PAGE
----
Dear Margo: I’ve taught for 20 years and can retire in 12 years. I don’t know if I can go the distance. I don’t know whether to quit and try to find a less stressful job, or keep hoping.
Instead of doing what is best for students, we are doing what is best for administrators: focusing on the tests. I used to have one classroom, and everyone did the same assignments, but I tweaked them for ability levels. Now I am planning for four different groups of students, and it takes a lot longer because I have to use all of the products purchased that promise glorious state test results.
It is near impossible to read the practice test to my ELL students, have a meaningful assignment for my gifted students who will finish the test 20 minutes early, make sure the students with the modified test are able to follow all of the notes and circle the right bubbles, and keep my ED student calm because frustration is his trigger. Oh, and then there are the other students, and they all deserve a teacher, too.
There are endless training days (for which I have to prepare notes for a substitute) and extra duties, but there isn’t any money for lunch monitors. I go home in tears sometimes because I am overwhelmed. My husband has a decent job, and he says if I can hang in for four years it will really help with our two kids’ college funds and our retirement fund. Sometimes I wonder if I can make it four more days, much less four years. — Beleaguered
Dear Be: You really are between a rock and a hard place. Of course, you are not alone, as many pubic schools are a mess. One does worry about the caliber of education our kids are getting. According to Marian Wilde, 16 other industrialized countries scored above the United States in science, and 23 scored above us in math.
As for your mental state, only you know your limit. You actually sound like you care, so on that basis it would be beneficial for your students if you stayed. And the four years your husband suggests is not 12. Perhaps you should explore whether there’s a job available that’s tied to what you’ve been doing, such as administration or an educational consulting firm — or whether there’s a job available of any kind, because your second income is required. I’m not sure I’ve even come close to solving your problem, but I hope I’ve given you some ideas. — Margo, sympathetically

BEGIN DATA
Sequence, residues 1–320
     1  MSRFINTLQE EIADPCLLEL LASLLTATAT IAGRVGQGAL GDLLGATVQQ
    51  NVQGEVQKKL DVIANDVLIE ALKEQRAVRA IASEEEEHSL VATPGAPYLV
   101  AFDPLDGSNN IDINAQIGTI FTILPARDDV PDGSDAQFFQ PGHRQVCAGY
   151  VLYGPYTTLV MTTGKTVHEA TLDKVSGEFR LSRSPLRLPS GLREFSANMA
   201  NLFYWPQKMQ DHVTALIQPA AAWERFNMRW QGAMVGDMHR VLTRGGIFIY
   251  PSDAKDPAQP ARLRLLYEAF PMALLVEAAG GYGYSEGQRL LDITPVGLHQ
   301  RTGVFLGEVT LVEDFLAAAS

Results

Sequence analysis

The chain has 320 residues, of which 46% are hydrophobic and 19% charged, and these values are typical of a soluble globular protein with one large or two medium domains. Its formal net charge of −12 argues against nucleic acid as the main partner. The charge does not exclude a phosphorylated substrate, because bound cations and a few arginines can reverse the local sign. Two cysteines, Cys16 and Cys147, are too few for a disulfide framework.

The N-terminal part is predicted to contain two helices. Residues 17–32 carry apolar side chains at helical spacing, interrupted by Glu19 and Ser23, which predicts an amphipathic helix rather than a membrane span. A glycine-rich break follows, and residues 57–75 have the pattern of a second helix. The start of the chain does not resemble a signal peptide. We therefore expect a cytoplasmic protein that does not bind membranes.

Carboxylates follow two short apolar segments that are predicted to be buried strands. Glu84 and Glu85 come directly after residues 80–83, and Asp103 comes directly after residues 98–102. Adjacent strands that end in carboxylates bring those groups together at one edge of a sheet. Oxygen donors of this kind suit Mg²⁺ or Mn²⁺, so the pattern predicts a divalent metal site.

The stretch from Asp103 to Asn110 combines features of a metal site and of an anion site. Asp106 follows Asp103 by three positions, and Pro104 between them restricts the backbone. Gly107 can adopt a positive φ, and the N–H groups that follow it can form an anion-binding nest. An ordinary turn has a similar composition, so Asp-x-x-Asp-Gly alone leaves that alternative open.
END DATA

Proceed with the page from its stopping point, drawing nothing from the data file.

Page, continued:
Dear Margo: Maybe it’s just where I live, but it seems like everybody and his dog is now glucose intolerant, on a gluten-free diet or allergic to peanuts. When I was younger, I didn’t know anyone who had those restrictions. I don’t want to believe that my friends are faddists, but I really don’t know what to think. Why is this happening? — Glenda
Dear Glen: Lust, avarice, sloth, Happy and Doc? Truly, I have wondered myself why these food situations are so prevalent today; they weren’t 10 or 15 years ago. It could very well be the food supply or some element in the environment. There’s a fight right now about Monsanto, whose genetically modified feed is harmful, according to some scientists — not to mention that we have cows and chickens taking antibiotics and growth hormones.
While I take these people at their word that they feel better and healthier eliminating certain things from their diets, I will say that some months ago, because of feeling bloated, I declared myself to be lactose intolerant (because that was a friend’s symptom) and stayed away from dairy. Then I forgot about my self-diagnosis and tried Greek yogurt, which I now eat every day. Just give your friends the benefit of the doubt. — Margo, individually
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Dear Margo is written by Margo Howard, Ann Landers’ daughter. All letters must be sent via the online form at www.creators.com/dear-margo.html. Due to a high volume of e-mail, not all letters will be answered.
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